RMcG: This respect for the medium, its individuality, is paramount in your painting too. How do you feel about the frequent discussions within contemporary visual arts practice around the validity of painting; as a painter, what’s your take on it?
CT: Frankly I don’t have a lot of time for the discussion, the academic rummaging. I’ll leave it to others. But, is it not a bit like saying singing is no longer relevant? I find it hard to imagine there being a consensus that painting is no longer relevant. That it should be dropped. It’s pretty fundamental stuff. Mark making. There is a lot of art practice that is far removed from painting but I don’t imagine it is trying to push painting off the stage. I think the stage has just got bigger. There’s room. One form should not be trying to outdo another. All should simply aim to push their form to the limits. I certainly am not going to jump ship because the art chattering classes have reasoned that what I do is no longer valid.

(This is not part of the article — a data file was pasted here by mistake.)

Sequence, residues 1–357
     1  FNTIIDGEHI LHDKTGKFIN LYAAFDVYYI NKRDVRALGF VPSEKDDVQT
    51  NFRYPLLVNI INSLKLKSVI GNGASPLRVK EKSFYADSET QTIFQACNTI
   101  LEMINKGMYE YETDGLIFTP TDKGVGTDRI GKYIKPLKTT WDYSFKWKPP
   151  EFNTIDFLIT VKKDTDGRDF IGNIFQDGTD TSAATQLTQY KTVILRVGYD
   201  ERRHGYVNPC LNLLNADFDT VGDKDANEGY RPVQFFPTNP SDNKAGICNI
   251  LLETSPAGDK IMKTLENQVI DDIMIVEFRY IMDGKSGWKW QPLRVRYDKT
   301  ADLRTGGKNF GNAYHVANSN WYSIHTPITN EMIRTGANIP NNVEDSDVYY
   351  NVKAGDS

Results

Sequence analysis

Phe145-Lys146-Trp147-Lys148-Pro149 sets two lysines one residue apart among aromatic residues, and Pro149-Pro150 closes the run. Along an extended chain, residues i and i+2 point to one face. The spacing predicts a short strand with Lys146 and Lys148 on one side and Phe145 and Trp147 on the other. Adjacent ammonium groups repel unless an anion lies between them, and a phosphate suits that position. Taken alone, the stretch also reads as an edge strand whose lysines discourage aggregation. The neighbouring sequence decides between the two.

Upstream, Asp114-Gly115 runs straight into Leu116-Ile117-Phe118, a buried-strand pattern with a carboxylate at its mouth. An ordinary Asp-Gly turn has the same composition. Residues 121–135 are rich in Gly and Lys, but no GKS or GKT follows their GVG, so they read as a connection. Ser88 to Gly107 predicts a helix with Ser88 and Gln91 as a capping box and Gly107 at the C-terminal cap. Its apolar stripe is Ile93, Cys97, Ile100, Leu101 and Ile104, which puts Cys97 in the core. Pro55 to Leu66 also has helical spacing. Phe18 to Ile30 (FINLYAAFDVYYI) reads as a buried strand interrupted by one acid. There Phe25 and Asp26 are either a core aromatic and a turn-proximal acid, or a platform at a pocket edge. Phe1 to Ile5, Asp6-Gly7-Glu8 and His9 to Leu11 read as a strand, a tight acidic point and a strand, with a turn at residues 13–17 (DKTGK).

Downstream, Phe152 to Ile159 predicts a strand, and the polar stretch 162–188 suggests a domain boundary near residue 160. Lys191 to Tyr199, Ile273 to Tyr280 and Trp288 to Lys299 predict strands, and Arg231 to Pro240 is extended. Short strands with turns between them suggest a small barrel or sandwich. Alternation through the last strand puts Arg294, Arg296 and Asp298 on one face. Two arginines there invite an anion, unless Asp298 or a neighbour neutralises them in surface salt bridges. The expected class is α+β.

Charles Tyrrell is a member of Aosdána, an affiliation of creative artists established by the Arts Council of Ireland in 1981 to honour those artists whose work has made an outstanding contribution to the arts in Ireland.
1 Patrick T. Murphy, New Works by Charles Tyrrell, Solstice Arts Centre and Crawford Art Gallery, 2011